The EU’s fast-developing military capability has been a shot in the arm for ESTA’s lobbying effort for heavy transport corridors. In December 2018, the Council of Europe adopted its position on the EU’s flagship program Connecting Europe Facility, or CEF, which focuses on developing and modernizing transport, energy and digital networks. When it comes to trans-European Transport networks (TEN-T), the CEF program will dedicate funds to the development of civilian-military dual-use transport infrastructure with a view to improving military mobility within the union. The news was warmly welcomed by the abnormal road transport and mobile crane rental industry. “It makes sense and will be beneficial to industry and government,” ESTA’s Klijn said. Friderici hoped the military imperative could see a breakthrough on an initiative that has struggled to make headway. “It’s always very difficult to get agreement across all the different countries, so we’re hopeful that if it’s coming from the top down then we will see some meaningful progress.” It’s early days, of course. “The next step will be for the presidency to start negotiations with the European Parliament on the final (partial) text,” an EU spokeswoman said. “The budget-related and horizontal aspects are part of the negotiations

on the EU’s next long-term budget Multiannual Financial Framework. The Romanian presidency aims to start the negotiations on the CEF soon and at least partially reach an agreement with the Parliament.” In layman’s terms, that means there’s a long way to go with much debate, analysis and horse-trading required to move the initiative forward – and that’s not including the need to liaise with military officials at EU, member state and NATO level. However, the hope is that overarching military needs will put real momentum behind the need to develop heavy transport corridors to streamline processes, permitting and planning, and unlock much-needed funding to address long-term infrastructure weaknesses that impact project cargo moves. “It’s not going to be easy,” Klijn conceded, readying himself for a trip to Texas to meet U.S. counterparts who are working to harmonize weight allowances and permitting systems across all U.S. states. “Between Rotterdam and Hamburg, for example, there could be 30 different road authorities to deal with, which means it will be difficult but it’s in the common interest so it’s worth doing.” BB Freelance journalist Amy McLellan has been reporting on the highs and lows of the upstream oil and gas and maritime industries for 20 years.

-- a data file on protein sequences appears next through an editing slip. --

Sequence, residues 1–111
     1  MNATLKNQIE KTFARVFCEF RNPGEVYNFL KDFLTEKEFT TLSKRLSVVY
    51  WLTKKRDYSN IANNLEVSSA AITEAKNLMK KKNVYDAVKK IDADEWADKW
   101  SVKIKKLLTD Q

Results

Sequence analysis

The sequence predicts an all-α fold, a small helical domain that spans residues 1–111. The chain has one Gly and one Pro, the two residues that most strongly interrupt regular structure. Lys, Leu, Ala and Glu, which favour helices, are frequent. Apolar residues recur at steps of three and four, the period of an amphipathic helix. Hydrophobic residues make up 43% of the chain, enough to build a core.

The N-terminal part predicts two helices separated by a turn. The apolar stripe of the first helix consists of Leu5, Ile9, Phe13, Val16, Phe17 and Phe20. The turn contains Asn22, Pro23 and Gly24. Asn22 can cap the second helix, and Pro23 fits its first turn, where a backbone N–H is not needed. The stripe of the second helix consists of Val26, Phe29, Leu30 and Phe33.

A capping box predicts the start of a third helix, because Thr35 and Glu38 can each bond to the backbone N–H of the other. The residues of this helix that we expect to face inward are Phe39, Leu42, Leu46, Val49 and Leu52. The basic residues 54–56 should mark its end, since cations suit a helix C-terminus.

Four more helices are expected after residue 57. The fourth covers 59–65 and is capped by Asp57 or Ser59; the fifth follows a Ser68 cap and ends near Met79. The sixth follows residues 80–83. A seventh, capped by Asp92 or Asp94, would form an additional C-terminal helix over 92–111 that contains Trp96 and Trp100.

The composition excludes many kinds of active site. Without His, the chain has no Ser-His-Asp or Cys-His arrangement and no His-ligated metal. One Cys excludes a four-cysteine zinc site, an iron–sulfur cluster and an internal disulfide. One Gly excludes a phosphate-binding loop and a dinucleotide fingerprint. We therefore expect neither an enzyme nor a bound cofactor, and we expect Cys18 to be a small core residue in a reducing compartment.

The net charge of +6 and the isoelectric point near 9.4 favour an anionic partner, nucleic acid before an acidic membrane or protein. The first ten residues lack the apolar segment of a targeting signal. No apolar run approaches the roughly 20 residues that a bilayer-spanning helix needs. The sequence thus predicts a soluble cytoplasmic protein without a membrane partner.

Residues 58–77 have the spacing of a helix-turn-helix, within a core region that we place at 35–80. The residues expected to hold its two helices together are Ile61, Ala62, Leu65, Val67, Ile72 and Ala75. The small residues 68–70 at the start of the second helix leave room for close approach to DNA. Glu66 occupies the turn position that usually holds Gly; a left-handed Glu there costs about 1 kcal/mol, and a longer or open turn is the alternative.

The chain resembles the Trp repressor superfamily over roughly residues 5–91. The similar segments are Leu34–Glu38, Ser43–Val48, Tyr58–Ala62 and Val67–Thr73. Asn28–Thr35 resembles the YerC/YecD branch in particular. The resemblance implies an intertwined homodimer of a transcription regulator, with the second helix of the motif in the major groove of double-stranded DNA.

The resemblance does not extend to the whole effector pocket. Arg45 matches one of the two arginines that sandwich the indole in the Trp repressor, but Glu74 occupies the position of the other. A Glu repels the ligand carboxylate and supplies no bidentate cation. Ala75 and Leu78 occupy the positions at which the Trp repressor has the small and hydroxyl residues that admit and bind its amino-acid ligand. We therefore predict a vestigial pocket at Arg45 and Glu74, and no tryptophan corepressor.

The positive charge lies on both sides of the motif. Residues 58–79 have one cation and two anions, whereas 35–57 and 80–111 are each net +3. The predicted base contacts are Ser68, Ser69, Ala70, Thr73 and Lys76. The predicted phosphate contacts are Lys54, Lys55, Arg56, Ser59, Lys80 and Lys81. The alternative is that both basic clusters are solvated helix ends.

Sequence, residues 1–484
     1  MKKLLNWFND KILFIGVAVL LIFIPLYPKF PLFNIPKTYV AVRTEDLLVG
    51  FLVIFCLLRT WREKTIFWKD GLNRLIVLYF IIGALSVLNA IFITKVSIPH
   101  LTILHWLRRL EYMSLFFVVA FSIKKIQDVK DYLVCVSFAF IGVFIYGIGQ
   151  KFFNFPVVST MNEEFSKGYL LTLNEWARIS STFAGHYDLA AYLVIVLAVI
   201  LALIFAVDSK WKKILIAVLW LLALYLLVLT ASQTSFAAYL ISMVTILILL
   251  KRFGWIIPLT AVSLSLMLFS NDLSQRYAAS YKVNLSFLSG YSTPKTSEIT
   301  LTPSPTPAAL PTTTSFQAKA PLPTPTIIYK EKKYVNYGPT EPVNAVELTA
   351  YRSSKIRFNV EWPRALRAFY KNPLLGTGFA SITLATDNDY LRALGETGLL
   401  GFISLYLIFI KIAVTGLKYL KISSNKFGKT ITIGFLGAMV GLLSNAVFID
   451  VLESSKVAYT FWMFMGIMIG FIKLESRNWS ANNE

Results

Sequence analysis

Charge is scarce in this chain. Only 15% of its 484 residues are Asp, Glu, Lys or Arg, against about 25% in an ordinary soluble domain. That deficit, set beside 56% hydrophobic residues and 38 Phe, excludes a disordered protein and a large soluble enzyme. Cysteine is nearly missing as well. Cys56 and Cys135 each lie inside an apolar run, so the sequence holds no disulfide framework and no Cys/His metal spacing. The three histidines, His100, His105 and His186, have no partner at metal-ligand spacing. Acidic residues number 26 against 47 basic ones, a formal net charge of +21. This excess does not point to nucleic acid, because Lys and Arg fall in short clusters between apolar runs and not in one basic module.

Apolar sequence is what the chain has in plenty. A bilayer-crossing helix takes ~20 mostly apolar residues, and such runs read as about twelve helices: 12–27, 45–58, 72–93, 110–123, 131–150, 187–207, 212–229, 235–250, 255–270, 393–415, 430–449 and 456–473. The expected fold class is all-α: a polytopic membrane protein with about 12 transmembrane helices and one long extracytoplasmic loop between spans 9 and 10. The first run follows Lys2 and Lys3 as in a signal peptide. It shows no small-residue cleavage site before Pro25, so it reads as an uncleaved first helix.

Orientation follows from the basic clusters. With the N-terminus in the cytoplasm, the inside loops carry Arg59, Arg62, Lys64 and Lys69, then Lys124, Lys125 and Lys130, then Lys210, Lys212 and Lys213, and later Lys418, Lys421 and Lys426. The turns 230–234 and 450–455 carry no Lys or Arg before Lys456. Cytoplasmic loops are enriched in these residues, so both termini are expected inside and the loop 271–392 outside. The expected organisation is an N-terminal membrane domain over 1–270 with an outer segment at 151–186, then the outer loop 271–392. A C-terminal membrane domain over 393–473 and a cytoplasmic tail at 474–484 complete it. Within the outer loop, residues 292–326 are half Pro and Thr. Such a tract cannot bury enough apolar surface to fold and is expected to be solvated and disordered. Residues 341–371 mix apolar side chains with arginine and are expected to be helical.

The transport of a reactor for producing chemical compounds from the port of Klaipėda, Lithuania, to a nitrogen plant based in Grodno, Belarus. Crossing road borders in the European Union can be challenging. / CREDIT: MTD/ESTA  BREAKBULK MAGAZINE  51



Mining Sector is Industry’s Buried Treasure


ocated in remote West Africa less than 20 miles from the Côte d’Ivoire border and about 200 miles from the Mali capital Bamako, the Syama Gold Mine is an unlikely setting for worldleading innovation. Yet the flagship development of ASX-listed Resolute is in the process of becoming one of the first underground mines anywhere to be fully automated. Resolute teamed up with Sandvik Mining and Rock Technology after studies revealed that the automation and digitization of Syama would improve efficiency and safety, reduce costs and extend the mine’s lifespan. Automating a gold mine is, 52  BREAKBULK MAGAZINE

unsurprisingly, an expensive business – Resolute will spend a small fortune on the advanced Sandvik mobile and fixed equipment and the systems needed to manage and operate them. Yet the gold miner is not alone in investing in the latest automation technology and gear, nor is Sandvik the only supplier helping automate mines. Above and below ground, commodity majors worldwide are modernizing operations with the latest technology, driving demand for project shipments as they do so. In Zambia, for example, Nonferrous China Africa, a Chinese firm, is in the process of installing automated underground mining systems at its South East Ore Body project. Australia,


meanwhile, is a hotbed for innovation. BHP is now using driverless trains, and at four of Rio Tinto’s mines the company has deployed some 73 driverless trucks to haul iron ore 24 hours a day with employees controlling and monitoring the vehicles’ operation from the mining giant’s control center in Perth, Western Australia, some 750 miles away. In short, autonomous trucks, drills, locomotives, and remotecontrolled equipment are transforming the global mining landscape. “It is clear that automation is not only reserved for first world mining countries, as this is already taking place in Africa,” said Lars Engström, Sandvik Mining and Rock Technology president. ISSUE 2 / 2019

Sandvik’s next generation of mining machinery pairs automation with a “smart” approach to productivity. CREDIT: SANDVIK MINING AND ROCK TECHNOLOGY